This handsome young acquaintance of mine, and namesake too, gave me one of my most challenging portrait sessions recently. Paradoxically, I am delighted with the the results; challenges and constraints often get us our most interesting results I suppose.

Due to our meeting arrangements slipping, we actually met to do the photographs after darkness had fallen, and I don’t mean it was dusk, it was fully dark other than the streetlights. As we had scheduled the evening, and we were finally in one place with my camera in hand, we decided to try to do something anyway.

I have to confess that my love affair with my Olympus OMD-10 is continuing unabated, and since I have a remote off-board flash to go with it, I was keen to see how it could penetrate the darkness to provide even illumination over some whole-body portraits. Typically at this point I realised that my exciting new flashgun was actually still at home; so no Olympus. Thankfully I had my Canon 5D (Full frame sensor) camera and a 580 EX flash with Pocket-Wizard remote triggering. In principle this should be a far better low-light combination anyway, although my chance to experiment was gone! I had a kind helper holding the remote flash through a diffusing umbrella, so it was easy to quickly reposition the flash. TTL metering doesn’t get perfect results all the time, and manual flash power adjustment isn’t quick enough for a relaxed and responsive session. Having an assistant quickly increase or decrease the distance to the subject, is a quick and dirty way of changing your subject brightness. The Canon was working at a respectable ISO 2500, really well within its noise capabilities.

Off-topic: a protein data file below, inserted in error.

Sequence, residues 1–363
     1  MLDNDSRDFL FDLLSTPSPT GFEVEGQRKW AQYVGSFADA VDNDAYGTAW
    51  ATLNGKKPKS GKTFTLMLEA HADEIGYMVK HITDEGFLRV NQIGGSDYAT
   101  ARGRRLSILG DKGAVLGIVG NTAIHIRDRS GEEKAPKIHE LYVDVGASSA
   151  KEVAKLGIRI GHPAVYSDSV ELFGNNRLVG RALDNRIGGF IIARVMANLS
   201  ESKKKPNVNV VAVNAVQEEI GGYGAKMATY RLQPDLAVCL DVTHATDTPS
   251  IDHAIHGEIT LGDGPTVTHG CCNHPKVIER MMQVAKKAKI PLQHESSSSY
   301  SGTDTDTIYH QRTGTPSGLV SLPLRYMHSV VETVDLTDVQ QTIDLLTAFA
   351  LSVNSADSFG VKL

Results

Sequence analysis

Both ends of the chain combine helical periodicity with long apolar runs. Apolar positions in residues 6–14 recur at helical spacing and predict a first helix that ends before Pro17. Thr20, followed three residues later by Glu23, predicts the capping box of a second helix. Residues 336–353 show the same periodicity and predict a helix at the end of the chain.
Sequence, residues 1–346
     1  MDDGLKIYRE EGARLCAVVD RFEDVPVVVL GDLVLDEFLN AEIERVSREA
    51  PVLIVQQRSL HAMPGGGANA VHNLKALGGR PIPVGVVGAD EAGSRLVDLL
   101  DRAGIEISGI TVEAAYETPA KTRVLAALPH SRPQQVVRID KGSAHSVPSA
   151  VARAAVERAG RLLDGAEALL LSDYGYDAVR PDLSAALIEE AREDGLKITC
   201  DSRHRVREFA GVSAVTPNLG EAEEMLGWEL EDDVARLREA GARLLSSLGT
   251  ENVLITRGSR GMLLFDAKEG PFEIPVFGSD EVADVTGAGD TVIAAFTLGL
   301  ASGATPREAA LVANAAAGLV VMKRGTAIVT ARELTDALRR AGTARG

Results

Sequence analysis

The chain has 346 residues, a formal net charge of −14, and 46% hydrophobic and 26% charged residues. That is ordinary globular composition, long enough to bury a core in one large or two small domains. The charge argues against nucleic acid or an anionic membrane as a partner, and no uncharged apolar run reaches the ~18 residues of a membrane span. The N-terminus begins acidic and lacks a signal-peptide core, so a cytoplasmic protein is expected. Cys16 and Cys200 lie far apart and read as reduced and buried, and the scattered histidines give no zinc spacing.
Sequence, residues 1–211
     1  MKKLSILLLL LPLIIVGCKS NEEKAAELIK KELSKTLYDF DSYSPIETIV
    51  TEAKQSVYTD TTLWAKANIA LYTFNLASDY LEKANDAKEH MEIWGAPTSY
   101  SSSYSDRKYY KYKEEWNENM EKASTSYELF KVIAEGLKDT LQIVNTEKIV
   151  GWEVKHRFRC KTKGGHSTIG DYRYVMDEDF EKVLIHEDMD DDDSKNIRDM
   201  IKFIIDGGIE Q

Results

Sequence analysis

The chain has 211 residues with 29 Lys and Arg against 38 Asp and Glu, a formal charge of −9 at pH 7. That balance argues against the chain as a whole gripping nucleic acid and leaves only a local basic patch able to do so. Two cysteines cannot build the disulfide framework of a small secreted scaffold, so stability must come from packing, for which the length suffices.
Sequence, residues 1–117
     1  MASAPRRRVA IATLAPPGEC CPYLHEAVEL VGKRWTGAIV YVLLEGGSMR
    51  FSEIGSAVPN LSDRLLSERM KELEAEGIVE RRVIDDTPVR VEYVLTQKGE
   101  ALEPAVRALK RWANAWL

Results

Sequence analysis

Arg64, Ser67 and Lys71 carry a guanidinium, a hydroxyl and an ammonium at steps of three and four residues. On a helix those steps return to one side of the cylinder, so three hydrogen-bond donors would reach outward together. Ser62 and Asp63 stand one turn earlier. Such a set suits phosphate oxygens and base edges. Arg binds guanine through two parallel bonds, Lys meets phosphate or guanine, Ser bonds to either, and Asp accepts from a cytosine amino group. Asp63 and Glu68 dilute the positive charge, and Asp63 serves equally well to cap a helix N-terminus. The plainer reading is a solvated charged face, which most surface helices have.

This next one was partly an attempt to reduce the number of distracting background streetlights. The tree concealed most of them as well as giving Matt a prop to relax against. (Am I the only person who thinks Matt should be wearing Keanu Reeves’ long black coat from the Matrix)!

In this one, I was trying to use the doorway behind as a framing-device. The unusual angle of shooting from below has really accentuated Matt’s jawline and given a strength and dominance to this image that I love. I think it is like a movie-still.

This final one is another attempt to frame Matt using a doorway. Fitting in this doorway’s columns threw up a regular constraint when using architectural or other tall background features; the need to fit in the whole height of the columns dictates the position of your subject. The effect here is to draw the eye to Matt, but for subjects less brightly lit compared to the whole frame, it might not always work.

The final challenge of a session like this, is in the post processing. The colour of the flash is something like a daylight-white, the colour of the streetlight is, well, not daylight and considerably warmer in white balance terms. No matter what you do, either the background or your subject has a colour cast; at that point your refuge is so often the only one available, reduce or remove the colour content. Black and white is the answer. In this case I think it has worked really well, and lent a sculpted, elemental quality to Matt’s portraits.

Thanks for a fun session Matt; can’t wait for the next one, with natural light though…

Apology: This session was only posted today, however the photos were taken on the 27th of March; I have been a little bit wrapped up in updating my site.

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